Agia Solomoni Catacombs are located in Kato Paphos and are one of the main holy pre-Christian sites on the island. According to the legend, in 166 BC Saint Solomoni and her seven sons fled Palestine and came to these caves seeking refuge from the brutality of a Syrian pagan ruler. Solomoni believed in the coming of the Savior and refused to make sacrifices to pagan gods. The enraged ruler had sought out the family and executed the seven children in front of their mother, who subsequently died of emotional hardship.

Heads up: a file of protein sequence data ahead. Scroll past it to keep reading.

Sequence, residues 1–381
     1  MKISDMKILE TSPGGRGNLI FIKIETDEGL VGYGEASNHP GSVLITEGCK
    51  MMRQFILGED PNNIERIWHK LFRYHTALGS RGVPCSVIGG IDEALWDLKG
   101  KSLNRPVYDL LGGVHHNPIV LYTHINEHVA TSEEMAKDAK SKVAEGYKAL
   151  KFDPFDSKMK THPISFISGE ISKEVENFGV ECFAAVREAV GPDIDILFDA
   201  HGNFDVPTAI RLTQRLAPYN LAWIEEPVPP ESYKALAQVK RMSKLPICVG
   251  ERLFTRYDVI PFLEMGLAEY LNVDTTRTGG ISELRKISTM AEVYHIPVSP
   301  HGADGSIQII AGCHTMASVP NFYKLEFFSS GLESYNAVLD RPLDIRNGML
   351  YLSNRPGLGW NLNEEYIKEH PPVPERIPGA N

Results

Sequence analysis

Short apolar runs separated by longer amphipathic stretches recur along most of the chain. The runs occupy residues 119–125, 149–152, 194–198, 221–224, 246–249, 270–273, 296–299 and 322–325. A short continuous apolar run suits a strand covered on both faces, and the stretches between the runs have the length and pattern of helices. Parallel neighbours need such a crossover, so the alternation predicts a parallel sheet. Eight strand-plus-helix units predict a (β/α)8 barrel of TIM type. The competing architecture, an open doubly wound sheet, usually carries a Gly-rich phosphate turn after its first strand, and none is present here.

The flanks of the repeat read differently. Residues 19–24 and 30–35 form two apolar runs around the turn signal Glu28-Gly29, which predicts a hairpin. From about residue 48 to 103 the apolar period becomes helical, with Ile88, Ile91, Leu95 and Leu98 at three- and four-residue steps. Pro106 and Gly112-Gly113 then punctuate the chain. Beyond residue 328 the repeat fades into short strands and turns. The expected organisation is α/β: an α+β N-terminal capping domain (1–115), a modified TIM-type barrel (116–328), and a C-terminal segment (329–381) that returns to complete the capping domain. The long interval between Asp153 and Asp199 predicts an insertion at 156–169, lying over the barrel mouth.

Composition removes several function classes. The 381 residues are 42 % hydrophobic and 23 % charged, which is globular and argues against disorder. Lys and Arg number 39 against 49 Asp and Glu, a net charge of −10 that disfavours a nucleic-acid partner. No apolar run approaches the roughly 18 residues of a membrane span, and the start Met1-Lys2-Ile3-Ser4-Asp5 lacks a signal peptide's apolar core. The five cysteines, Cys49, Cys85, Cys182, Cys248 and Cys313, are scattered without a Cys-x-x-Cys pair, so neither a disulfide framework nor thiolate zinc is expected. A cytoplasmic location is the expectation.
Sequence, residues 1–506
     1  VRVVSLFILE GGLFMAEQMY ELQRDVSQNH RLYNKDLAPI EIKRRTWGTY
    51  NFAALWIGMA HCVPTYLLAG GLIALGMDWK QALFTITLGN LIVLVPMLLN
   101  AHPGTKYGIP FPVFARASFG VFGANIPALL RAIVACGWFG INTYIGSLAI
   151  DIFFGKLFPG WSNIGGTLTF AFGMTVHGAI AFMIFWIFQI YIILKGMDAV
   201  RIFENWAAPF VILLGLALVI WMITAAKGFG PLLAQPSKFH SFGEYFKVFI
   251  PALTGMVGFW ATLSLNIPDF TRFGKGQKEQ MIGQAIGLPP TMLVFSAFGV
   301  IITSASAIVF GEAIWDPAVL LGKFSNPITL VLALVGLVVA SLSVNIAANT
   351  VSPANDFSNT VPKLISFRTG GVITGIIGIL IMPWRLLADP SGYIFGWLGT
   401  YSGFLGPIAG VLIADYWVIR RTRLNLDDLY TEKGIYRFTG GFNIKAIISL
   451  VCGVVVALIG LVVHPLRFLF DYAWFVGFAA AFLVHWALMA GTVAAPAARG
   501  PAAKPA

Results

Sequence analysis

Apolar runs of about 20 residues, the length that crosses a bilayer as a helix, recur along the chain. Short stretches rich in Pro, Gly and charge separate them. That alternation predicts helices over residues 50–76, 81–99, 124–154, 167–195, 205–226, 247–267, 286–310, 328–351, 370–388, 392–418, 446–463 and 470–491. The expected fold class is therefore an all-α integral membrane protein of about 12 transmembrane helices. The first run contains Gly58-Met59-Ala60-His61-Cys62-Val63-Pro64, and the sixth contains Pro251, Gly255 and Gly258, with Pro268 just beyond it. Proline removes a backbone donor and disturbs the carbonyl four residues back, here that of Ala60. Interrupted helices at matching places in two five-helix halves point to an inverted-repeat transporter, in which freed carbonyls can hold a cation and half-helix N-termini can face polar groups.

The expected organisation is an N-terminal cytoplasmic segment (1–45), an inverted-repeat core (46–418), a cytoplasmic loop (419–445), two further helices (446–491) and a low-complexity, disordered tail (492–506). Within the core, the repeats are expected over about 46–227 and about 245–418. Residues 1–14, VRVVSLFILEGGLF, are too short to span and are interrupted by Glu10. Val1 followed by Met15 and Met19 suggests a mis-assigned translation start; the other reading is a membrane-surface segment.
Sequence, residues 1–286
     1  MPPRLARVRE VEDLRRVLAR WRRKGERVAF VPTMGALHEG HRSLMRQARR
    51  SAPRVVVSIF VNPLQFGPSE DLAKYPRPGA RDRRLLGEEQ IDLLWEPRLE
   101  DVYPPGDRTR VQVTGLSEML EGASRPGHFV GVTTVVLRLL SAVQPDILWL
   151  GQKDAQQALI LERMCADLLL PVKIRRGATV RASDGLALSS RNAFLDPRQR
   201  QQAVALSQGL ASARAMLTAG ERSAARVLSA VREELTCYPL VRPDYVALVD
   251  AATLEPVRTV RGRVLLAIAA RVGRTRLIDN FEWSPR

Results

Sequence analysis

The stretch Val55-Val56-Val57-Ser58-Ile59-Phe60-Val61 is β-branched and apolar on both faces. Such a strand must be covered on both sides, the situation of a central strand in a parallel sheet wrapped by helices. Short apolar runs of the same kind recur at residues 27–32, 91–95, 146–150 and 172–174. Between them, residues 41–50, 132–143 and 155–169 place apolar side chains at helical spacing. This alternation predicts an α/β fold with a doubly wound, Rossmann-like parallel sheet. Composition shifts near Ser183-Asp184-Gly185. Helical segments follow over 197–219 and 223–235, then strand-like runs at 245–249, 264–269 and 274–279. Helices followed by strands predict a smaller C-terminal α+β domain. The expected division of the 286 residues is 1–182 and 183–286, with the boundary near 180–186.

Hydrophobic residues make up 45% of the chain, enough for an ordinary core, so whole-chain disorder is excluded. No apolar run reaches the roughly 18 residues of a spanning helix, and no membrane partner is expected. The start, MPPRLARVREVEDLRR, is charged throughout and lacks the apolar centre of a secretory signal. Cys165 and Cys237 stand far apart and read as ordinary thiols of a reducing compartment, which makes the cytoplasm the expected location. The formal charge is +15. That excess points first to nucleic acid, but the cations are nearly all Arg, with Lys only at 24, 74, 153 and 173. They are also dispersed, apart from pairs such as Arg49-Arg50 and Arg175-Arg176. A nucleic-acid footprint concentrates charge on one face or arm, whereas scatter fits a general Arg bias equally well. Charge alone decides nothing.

The catacombs are a series of caves connected to each other through a small inside courtyard. Several cross-shaped catacombs that were used as homes have survived. The largest cave was turned into a church and was later (in the middle ages) decorated with frescoes. These frescoes include images of the Virgin and Child, Church Fathers and others.

There is a belief that if you leave a personal item on the terebinth tree that grows at the entrance into the catacombs, you will be cured of all your ailments. There is also an underground sacred spring.